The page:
By Josh H. Escovedo
IP Law Blog
If you’re familiar with Banksy, you know he’s the epitome of counterculturalism. For those of you who aren’t familiar with Banksy, he is an anonymous England-based street artist, vandal, political activist, and film director who has been active since the 1990s. His satirical street art and subversive epigrams combine graffiti and dark, sometimes morbid, humor. If you have a minute, take a look at his work. He certainly isn’t someone who you would expect to turn to the legal system to protect his intellectual property. In fact, he’s openly stated that “copyright is for losers.”
Nevertheless, it turns out that Banksy would, in fact, turn to the legal system to put a stop to the misappropriation of his work. Banksy recently made a public statement that a greeting card company is misappropriating his intellectual property and attempting to procure a trademark in his name so that they can sell fake Banksy merchandise without fear of legal prosecution. In fact, although the details are a bit unclear, it seems the greeting card company, Full Colour Black, brought the fight to Banksy, seeking to cancel various copyrights and trademarks Banksy holds in the European Union Intellectual Property Office. Banksy believes that Full Colour Black is relying upon Banksy not showing up in court to defend his property, but judging by Banksy’s reaction, that couldn’t be further from the truth.
Instead of cowering at the intellectual property challenge, Banksy has expressed an intent to fight for his rights. In furtherance of the protection of his intellectual property, Banksy plans to open his first storefront in southern London. The homeware store is called Gross Domestic Product, and it is truly nothing more than a window display that will never actually open. The products in the display will be exclusively sold online once the store opens, and they will be available for as little as 10 euro. The purpose of opening the store is to support Banksy’s argument that he is utilizing his intellectual property in commerce, as the European Union, much like the United States, requires the intellectual property owner to use the mark in commerce to maintain the related rights. In short, both government entities require the owner to “use it or lose it.”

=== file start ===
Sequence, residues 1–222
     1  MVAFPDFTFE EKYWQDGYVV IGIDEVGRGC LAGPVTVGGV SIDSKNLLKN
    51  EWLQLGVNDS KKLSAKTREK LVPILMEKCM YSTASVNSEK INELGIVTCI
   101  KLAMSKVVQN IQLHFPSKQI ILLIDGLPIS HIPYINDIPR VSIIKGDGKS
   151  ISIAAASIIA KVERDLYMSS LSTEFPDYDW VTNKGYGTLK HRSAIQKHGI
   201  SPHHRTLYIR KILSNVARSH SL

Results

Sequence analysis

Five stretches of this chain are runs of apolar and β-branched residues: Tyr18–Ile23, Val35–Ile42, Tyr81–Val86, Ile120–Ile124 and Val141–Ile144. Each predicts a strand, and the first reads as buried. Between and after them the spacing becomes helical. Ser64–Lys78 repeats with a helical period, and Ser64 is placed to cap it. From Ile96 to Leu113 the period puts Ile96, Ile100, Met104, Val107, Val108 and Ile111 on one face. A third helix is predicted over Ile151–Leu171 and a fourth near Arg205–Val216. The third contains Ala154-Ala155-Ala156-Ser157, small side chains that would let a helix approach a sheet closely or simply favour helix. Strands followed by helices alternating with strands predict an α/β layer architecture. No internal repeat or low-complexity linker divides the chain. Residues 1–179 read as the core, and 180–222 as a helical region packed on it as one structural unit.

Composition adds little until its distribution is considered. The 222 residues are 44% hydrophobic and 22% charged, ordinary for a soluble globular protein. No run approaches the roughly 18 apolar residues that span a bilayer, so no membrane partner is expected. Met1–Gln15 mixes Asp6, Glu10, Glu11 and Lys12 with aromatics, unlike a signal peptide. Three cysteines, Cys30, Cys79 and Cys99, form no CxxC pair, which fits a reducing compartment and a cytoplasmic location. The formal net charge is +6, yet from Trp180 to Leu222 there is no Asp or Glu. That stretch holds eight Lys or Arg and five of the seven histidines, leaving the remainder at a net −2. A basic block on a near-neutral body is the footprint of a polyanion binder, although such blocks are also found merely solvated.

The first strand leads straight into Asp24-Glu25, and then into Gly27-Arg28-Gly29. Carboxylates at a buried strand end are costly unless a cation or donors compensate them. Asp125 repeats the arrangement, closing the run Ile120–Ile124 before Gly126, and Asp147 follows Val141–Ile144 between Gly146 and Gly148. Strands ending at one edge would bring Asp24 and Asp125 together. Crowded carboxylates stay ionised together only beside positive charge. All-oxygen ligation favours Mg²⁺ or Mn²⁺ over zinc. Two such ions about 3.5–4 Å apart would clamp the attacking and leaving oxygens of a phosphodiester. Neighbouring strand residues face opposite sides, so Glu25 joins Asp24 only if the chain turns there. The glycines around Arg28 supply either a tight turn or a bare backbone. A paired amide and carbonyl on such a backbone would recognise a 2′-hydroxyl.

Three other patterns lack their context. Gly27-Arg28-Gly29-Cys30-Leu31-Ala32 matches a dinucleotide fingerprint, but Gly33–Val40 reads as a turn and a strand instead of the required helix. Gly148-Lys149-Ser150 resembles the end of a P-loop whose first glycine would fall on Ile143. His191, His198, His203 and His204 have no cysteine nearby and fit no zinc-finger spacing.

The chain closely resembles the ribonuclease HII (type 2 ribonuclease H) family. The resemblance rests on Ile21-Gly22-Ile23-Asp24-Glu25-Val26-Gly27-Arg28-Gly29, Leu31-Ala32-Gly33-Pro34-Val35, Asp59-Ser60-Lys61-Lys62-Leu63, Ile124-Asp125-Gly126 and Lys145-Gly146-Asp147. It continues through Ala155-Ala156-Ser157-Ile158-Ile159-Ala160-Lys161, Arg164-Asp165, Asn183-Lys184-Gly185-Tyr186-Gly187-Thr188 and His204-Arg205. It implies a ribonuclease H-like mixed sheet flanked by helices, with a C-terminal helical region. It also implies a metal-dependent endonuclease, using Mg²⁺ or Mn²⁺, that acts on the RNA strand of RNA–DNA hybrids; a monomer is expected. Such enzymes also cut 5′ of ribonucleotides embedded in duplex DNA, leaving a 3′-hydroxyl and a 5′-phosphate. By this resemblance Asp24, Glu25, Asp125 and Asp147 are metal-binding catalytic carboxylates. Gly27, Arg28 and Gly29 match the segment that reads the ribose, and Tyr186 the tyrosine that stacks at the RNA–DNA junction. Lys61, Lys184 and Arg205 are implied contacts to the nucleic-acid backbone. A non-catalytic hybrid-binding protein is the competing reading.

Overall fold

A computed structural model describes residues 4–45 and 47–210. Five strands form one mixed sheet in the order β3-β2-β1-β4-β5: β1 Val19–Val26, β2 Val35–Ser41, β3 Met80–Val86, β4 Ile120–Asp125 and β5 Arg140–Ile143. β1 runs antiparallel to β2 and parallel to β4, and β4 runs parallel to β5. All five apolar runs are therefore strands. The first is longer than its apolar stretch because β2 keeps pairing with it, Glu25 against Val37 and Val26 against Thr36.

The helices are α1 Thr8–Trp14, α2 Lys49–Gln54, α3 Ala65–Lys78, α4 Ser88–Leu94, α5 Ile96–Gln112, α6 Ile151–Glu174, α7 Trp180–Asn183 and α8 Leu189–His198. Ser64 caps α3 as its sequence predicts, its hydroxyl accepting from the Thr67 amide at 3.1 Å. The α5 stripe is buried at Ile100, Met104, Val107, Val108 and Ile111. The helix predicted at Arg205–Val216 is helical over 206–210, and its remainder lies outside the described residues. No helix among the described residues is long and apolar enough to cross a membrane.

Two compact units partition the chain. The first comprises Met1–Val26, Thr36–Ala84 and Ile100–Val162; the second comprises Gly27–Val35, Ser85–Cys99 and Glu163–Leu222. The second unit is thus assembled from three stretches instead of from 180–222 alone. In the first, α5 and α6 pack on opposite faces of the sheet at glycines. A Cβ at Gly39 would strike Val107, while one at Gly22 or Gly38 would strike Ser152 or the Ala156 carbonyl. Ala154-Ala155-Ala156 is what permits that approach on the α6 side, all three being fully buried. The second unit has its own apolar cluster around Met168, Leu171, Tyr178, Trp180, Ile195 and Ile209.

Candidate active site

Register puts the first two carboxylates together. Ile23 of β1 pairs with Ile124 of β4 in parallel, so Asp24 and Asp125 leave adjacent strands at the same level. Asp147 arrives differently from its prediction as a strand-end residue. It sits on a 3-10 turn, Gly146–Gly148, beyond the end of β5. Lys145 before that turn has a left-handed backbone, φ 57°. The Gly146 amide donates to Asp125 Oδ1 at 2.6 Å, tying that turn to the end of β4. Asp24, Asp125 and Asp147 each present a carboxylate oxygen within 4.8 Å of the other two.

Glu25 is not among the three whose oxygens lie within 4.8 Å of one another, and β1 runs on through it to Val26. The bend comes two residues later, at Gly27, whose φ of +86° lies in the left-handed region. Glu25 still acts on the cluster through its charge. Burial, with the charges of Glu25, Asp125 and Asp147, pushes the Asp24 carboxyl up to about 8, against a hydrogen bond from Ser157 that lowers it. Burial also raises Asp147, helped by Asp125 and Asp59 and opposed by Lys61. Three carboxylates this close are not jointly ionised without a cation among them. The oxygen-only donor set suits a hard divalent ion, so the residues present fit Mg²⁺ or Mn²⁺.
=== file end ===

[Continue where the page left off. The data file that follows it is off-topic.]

While I’m not thoroughly versed in European intellectual property law, Enrico Bonadio, an intellectual property professor from the City University of London, has stated that, “If Banksy wants to keep enforcing any of his trademarks in courts around the world, and avoid the risk of them being cancelled for lack of use, he will need to show judges stronger evidence of his brands being used in the market.” According to Bonadio, “This probably means he needs to start regularly producing and selling his own branded merchandise through a specialized commercial vehicle.” This, however, conflicts with Banksy’s general aversion to commercialism and capitalism.
Interestingly enough, Banksy has stated that although he will protect his intellectual property as discussed above, he hasn’t changed his sentiments toward copyright law. In fact, Banksy, consistent with the fair use doctrine, “still encourage[s] anyone to copy, borrow, steal, and amend [his] art for amusement, academic research or activism.” He just doesn’t “want them to get sole custody of [his] name.”
For additional articles on intellectual property issues, please visit Weintraub’s law blog at www.theiplawblog.com.